“Nice to meet you,” Taylor said, shaking her hand. “I’m—“

“I know who you are,” Tasha interrupted. “I watch the news, and unfortunately so does most of America. If they don’t watch the news, they read blogs. Everyone knows who you are and what you did, so let’s dispense with the dance and discuss how I’m going to make sure you keep sleeping in your own bed.” As she passed the tanks, the fish came out of hiding and followed her to the edge of their small, shifting worlds until they had nowhere else to go.

“Are those real plants?”

“Of course they are,” Tasha sighed. “They help keep the water clean. We aren’t here to talk about my fish tanks. We’re here to create a plan of action.” She sat down behind her desk and pulled out a piece of paper. “First things first, tell me your version of the truth.”

“I killed the guy,” Taylor said with a shrug. “I watched his house for years, I waited long enough so that no one would immediately connect me to his death, and then I slit his throat while he was watching trash TV. What else do you want to know?”

“At least you’re honest,” she said, shoving the paper away from her. “Try not to be that honest with the judge. We’re going for a winning verdict here. A dismissal, to tell the truth. It may not be pretty but I think we can get you off with most of your career intact.”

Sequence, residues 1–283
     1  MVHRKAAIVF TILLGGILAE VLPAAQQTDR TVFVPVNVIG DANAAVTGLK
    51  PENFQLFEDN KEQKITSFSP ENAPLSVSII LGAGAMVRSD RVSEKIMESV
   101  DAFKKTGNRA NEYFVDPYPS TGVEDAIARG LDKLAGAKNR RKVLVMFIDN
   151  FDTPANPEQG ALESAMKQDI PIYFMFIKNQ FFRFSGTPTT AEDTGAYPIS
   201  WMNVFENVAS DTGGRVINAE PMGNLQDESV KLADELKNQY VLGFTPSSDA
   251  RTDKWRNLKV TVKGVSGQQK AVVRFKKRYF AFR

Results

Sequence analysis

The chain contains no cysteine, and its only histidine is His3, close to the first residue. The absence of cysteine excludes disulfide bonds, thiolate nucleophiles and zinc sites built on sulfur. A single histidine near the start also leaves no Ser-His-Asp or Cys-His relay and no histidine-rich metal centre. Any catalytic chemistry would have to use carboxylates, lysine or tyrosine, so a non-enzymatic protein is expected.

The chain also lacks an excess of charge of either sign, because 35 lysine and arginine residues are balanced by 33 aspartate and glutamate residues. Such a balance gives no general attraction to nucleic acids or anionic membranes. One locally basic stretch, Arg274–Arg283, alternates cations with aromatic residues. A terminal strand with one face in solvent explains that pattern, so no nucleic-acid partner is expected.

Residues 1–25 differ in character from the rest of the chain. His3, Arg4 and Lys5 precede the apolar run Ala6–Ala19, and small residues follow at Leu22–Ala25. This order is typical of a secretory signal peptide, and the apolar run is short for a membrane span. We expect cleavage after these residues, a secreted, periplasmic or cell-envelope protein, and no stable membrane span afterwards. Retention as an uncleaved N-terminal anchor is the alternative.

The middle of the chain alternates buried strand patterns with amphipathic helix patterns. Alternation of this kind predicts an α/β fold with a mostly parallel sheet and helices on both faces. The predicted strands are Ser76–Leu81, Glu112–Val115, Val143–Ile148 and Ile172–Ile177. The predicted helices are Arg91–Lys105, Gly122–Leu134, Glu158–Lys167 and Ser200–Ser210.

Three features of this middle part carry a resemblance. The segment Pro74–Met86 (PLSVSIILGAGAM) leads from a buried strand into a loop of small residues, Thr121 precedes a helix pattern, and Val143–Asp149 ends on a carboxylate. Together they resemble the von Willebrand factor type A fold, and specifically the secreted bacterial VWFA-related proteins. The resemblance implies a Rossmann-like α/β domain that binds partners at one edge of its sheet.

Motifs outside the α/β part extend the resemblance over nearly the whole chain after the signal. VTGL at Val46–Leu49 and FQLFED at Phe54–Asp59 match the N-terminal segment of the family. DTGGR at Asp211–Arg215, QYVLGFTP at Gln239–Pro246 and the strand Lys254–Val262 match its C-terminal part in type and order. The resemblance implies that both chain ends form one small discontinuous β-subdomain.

“I don’t care about my career,” Taylor said. There was a fountain pen in a wooden holder on the side of the desk closest to him and he focused on it for a moment until the thumping in his ears subsided. Blood. Just like Kinsey’s. “I’ve got plenty of money, I don’t need to work.”

“Well I care about mine.” Tasha shook her head. “How much dirt are you willing to let me dig up? Are you a big fan of morality or are you all right with my making witnesses cry? I hear one of them has cancer and the other is mentally ill.”

“You know,” Taylor said with a grin, “I think I’ve definitely picked the right lawyer.”


The sound was so soft that he almost didn’t hear it over the television. It was a scratching, scuffing sound that made Tom think of knocking the mud off his shoes when he came in through the back door. It could have been anything and he wasn’t the sort of man to jump at strange sounds so he settled deeper into his chair.

He was dozing, wrapped in the sort of warmth that came from security and nearly good health, and was almost asleep when he heard the sound again. The same scuffing, just underneath a green and fragrant crackling that he knew was coming from the side of the house.

“Dammit, Lee,” he muttered under his breath. He was sick of his neighbor letting that damn dog nose through his bushes. It always preceded a massive bowel movement and left both his bushes and backyard in a sorrier state than before the dog arrived, and Lee refused to do anything to stop it. Tom had spent the better part of a year trying to figure out the best way to confront his neighbor but he didn’t have the stomach for conflict anymore.